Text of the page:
Archive for category Connecting
Nine Things You Should Know About The Postal Service
“You probably know your mail carrier and the clerks at your neighborhood Post Office, but how well do you know the Postal Service itself? Here are nine facts that might surprise you.”
Above is a quote from this great USPS blog we discovered. It can’t be said any better, “how well do you know the postal service itself?” Please take a minute to check out this wonderful blog: http://uspsblog.com/nine-things-you-should-know-about-the-postal-service/ and learn nine facts that might surprise you about the postal service.
We would love to hear your feedback and see if you knew any of the facts or if you were truly surprised. Comment below!
Get Started with Every Door Direct Mail
How much do you know about the USPS program Every Door Direct Mail?
Every Door Direct Mail (EDDM) gives you the ability to target a local neighborhood or to reach customers/prospects nationwide. The Simplified Mailing Process helps you identify which USPS mail routes to include in your targeted mailing area. There is a super cool, intuitive EDDM application available online to get you started.
You can access the online tool and get more information here: https://www.usps.com/business/every-door-direct-mail.htm
Who can benefit from EDDM?
- Auto dealerships
- Arts organizations
- Business services
- Dry cleaners
The list could go on and on. If you want to reach a local, or even national, audience EDDM provides an easy, cost effective marketing channel. Remember that $31,000.00 postage savings for my local customer?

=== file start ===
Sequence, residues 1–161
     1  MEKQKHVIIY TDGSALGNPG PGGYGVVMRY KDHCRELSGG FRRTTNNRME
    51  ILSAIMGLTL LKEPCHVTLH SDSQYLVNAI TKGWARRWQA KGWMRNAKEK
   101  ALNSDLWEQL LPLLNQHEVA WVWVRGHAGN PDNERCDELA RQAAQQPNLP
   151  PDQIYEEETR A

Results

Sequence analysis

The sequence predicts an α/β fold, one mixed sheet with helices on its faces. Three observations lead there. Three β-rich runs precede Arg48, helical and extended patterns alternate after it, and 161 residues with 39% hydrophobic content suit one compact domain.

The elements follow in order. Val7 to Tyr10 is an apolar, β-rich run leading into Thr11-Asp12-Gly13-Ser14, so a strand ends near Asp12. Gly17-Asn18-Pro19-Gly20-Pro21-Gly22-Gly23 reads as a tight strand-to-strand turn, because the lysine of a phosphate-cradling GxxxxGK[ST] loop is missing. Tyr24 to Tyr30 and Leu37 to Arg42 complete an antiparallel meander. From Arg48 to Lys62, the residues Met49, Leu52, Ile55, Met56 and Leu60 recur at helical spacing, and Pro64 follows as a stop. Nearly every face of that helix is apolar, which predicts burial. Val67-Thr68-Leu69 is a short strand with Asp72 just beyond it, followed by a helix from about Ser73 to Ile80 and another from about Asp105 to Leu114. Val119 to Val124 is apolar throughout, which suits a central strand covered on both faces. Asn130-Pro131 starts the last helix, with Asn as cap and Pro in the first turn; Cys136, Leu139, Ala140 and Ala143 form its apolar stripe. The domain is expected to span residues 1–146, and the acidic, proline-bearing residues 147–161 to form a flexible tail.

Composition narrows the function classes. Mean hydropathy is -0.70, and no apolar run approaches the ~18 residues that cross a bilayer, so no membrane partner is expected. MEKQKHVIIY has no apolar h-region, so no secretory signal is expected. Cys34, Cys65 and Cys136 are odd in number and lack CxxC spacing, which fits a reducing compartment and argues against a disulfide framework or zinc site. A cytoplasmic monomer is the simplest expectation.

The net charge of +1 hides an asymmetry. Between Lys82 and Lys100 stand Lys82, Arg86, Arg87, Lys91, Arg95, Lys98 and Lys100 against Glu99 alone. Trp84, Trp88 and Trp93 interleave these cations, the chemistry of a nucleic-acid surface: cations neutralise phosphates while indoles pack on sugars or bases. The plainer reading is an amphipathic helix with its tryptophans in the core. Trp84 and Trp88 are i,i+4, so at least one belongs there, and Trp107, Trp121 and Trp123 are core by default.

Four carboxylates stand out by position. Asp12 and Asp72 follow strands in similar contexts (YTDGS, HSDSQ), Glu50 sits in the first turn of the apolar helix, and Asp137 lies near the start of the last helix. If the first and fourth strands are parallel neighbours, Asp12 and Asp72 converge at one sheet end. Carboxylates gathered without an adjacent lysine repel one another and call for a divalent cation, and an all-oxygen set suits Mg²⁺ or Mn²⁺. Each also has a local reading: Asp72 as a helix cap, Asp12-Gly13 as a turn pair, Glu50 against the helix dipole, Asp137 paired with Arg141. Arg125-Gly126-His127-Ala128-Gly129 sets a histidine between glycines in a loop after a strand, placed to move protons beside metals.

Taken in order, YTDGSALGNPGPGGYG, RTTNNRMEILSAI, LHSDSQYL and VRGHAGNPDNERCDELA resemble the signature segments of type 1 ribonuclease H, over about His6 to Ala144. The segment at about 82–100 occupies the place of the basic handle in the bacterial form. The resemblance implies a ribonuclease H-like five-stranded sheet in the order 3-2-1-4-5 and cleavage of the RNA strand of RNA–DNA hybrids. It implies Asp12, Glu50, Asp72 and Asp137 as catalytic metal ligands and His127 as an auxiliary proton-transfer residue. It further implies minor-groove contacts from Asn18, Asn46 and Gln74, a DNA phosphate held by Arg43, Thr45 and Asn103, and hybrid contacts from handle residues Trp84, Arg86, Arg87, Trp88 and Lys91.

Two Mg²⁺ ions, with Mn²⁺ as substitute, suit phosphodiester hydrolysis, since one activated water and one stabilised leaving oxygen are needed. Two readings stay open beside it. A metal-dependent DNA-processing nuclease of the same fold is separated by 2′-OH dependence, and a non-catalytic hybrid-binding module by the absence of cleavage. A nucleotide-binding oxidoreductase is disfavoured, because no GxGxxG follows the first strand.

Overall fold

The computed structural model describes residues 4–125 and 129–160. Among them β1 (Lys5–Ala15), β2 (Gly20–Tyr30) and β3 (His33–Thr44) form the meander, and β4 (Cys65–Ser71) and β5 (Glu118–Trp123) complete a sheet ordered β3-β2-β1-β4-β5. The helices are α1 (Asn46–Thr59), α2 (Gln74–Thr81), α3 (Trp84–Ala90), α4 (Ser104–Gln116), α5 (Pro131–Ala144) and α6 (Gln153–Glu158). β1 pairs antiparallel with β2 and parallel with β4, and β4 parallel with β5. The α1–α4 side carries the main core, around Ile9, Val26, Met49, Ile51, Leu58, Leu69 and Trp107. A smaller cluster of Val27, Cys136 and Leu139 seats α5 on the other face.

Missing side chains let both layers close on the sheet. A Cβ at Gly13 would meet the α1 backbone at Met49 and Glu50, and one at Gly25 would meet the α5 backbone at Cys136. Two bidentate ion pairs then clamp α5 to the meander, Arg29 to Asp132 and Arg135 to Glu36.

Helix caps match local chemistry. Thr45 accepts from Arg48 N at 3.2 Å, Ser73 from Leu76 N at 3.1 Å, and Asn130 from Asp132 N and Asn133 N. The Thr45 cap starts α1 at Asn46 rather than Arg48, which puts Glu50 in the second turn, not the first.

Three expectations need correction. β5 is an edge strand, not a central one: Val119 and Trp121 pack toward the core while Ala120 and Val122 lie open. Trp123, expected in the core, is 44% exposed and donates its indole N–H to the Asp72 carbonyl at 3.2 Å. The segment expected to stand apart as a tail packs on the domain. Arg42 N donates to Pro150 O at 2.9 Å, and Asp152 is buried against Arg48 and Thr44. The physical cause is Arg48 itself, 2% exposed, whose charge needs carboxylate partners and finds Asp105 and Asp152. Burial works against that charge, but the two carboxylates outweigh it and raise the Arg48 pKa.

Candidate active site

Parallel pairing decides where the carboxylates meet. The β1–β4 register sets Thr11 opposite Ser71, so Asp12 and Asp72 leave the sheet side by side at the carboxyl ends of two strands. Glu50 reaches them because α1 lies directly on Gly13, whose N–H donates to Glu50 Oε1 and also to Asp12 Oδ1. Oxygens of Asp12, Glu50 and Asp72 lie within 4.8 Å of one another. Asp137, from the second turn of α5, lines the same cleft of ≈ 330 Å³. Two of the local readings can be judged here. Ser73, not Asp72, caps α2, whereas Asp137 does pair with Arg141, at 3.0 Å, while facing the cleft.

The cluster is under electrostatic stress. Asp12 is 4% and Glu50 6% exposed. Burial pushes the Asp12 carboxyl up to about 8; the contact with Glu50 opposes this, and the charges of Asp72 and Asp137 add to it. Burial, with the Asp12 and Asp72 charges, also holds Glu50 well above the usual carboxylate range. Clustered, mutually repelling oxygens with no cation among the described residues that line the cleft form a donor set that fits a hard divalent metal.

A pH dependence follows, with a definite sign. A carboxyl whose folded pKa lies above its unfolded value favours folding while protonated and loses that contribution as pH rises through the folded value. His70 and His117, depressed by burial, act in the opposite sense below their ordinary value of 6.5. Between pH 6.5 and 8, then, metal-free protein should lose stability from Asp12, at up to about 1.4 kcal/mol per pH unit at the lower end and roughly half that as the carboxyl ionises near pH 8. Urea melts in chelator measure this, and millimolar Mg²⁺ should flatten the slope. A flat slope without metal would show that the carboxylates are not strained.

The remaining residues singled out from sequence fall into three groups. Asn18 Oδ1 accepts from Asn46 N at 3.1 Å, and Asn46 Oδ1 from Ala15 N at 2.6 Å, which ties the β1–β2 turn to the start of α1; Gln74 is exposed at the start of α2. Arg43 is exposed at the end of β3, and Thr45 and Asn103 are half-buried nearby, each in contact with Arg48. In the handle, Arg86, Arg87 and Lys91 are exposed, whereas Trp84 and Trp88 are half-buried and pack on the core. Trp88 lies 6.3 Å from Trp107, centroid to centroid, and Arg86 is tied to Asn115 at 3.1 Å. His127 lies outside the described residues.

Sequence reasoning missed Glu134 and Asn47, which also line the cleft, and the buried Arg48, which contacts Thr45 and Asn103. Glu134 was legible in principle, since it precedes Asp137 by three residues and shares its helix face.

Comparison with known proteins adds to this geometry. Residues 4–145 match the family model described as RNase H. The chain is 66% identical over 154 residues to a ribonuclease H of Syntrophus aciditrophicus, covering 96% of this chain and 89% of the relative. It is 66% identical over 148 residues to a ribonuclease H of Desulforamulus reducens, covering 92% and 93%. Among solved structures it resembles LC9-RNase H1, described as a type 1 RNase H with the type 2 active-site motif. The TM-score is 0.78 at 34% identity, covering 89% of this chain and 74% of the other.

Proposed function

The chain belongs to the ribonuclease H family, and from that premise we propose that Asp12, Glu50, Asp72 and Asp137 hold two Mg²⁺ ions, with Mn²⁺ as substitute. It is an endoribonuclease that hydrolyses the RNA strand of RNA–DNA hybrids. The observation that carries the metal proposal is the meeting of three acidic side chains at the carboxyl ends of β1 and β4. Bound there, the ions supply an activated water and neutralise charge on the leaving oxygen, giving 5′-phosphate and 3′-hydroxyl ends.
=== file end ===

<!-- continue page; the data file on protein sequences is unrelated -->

Some things to keep in mind when planning your mailing:
- Mailpieces must meet Standard flats specifications
- Minimum length 11 ½” OR
- Minimum height 6 1/8”
- Weight equal to or less than 3.3 ounces
- Must contain at least 200 pieces (with a maximum per day of 5,000 pieces for the EDDM Retail option, but unlimited for the EDDM BMEU option)
The USPS is hosting a series of FREE business seminars designed to help you gain a greater understanding of this new service and how it can support your marketing plan.
I suggest reaching out to your local Postal Customer Council to find where and when the next seminar will take place in your area. You can search for your local PCC chapter here: https://www.usps.com/business/local-pcc.htm
The Postal Customer Council is a terrific resource and I hope if you’re mailing, you are taking advantage of all the experience and expertise they can offer.
How do you see yourself using this new Postal Service program Every Door Direct Mail? We would love to hear your ideas and success stories!
Often I am asked by novice direct mailers what elements to include on their mail piece. They are simply looking to design the best mailer possible to yield a high ROI.
- Make sure your list, mail piece and message are all targeted to the correct audience. What is your goal – lead generation, customer retention, a new product roll out?
- A clear, provocative call to action and a nice incentive.
- A compelling message – don’t forget, most people want to know “What’s in it for Me?”
- A First Class mail permit. Don’t skimp on standard mail postage. 10% of your mailing list may never receive the mail piece and you’d be surprised how many people simply disregard any piece of mail with a standard permit.
- Add a PURL, or Personalized URL. This will tie your printed piece with an online experience. Make sure the PURL ties in with your theme.
- As long as we’re adding hot new technology with that PURL, let’s add a QR, or Quick Response, code. You’ve probably been seeing a lot of QR codes on all kinds or marketing – from billboards to pizza boxes. We’ll talk more about QR codes and using them effectively in an upcoming blog.